Saturday, 5 July 2014


River Tay, Perth
    Sitting on the west banks of the River Tay, the longest river in Scotland, is the ' Fair City' of Perth. So known after, the publication of Sir Walter Scott's novel, 'The Fair Maid of Perth', in 1828.    

    This week I made the 45 mile trip north, to have a look around. I was employed in the city's Scott Street for around a year and I was eager to see what had changed in the thirteen years since leaving my employment.

Salutation Hotel

    After parking the car, I decided to go for lunch and walking by the Salutation Hotel, I couldn't help but smile when I looked at the two ornamental pipers standing guard over the entrance. It's unlikely that they've been there since the hotel first welcomed its guests back in 1699, however they did look a little tired.

    Following lunch I made my way to the AK Bell Library in York Place, it's just the place to settle down with a good book such as Scott's, or familiarise yourself with the city's fascinating history.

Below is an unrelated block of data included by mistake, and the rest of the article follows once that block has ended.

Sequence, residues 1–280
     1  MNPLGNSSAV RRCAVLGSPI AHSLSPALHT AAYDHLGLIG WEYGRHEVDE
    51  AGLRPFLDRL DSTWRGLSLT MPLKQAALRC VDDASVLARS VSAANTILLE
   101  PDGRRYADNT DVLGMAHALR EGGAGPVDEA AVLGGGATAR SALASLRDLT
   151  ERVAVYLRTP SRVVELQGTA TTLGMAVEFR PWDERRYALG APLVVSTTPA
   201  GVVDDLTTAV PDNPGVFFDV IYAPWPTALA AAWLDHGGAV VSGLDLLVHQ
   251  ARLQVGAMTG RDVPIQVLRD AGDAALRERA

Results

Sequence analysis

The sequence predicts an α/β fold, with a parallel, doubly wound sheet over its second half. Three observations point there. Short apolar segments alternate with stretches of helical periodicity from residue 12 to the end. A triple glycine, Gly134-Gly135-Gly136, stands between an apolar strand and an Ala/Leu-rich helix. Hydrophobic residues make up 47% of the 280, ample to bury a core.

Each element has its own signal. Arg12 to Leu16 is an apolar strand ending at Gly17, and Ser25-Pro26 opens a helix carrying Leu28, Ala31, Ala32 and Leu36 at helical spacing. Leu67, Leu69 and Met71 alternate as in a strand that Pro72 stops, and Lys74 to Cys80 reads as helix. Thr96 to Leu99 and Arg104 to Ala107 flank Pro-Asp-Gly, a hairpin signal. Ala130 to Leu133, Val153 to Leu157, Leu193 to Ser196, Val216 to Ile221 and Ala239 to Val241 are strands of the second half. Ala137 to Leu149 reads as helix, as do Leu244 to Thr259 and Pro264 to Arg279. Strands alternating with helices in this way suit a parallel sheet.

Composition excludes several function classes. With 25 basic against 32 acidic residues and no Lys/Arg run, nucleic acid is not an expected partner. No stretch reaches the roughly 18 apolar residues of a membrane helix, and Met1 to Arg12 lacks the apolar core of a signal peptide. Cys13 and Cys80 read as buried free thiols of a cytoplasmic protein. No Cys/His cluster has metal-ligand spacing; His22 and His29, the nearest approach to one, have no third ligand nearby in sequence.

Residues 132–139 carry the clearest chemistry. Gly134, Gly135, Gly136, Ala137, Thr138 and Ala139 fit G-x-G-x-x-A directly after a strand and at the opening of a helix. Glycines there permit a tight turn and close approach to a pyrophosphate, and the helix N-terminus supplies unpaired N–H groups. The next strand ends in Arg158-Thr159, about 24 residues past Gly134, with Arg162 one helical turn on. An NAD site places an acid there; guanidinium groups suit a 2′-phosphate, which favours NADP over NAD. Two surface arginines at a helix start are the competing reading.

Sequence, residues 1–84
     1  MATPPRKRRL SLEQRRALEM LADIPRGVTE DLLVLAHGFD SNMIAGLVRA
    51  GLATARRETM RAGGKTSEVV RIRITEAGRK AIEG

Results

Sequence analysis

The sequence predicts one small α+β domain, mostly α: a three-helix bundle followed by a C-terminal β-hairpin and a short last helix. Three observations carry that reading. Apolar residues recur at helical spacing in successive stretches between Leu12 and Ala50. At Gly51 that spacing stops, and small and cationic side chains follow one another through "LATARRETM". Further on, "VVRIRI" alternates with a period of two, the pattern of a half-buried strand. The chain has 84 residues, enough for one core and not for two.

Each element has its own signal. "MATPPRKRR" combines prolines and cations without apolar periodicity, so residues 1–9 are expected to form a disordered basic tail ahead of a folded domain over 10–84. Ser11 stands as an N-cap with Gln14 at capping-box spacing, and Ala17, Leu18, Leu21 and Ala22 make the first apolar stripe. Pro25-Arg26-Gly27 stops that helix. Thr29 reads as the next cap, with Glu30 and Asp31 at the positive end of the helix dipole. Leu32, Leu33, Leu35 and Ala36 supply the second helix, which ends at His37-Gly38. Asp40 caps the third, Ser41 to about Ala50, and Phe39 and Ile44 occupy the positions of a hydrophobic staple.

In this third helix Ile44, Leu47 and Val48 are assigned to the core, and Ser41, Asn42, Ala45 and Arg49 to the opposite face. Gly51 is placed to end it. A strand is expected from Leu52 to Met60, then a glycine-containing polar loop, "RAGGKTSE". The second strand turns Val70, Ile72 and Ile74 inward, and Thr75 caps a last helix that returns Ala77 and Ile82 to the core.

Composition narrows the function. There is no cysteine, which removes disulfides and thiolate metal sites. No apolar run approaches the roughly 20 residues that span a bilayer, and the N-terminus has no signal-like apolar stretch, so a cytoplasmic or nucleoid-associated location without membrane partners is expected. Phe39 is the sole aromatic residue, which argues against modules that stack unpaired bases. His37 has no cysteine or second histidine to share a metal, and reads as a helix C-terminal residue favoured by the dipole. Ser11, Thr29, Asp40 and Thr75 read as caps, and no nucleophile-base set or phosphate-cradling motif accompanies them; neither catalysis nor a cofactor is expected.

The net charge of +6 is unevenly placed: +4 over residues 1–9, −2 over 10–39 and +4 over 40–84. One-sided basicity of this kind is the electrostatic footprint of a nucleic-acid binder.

AK Bell Library
    Trading with France in medieval times, in items such as fine silk, linen, leather, wine and whisky made the city affluent. Albeit that this business has long ceased, the impressive buildings that can be seen all over the city demonstrate its rich past.

Perth City Halls
    It has also played a significant part in the history of Scotland, as a Royal Burgh it has hosted the coronations of the Kings and Queens of Scotland; the ceremonies taking place at nearby Scone Palace.

    Although, for one King, James 1 of Scotland, his visit was not welcoming and whilst lodging in Perth's Blackfriars Monastery in 1437 he was unfortunately assassinated.

St John's Kirk
    By the end of the day my feet were weary, but I didn't mind because I had a lovely visit and I hope not to leave it so long before I return.  

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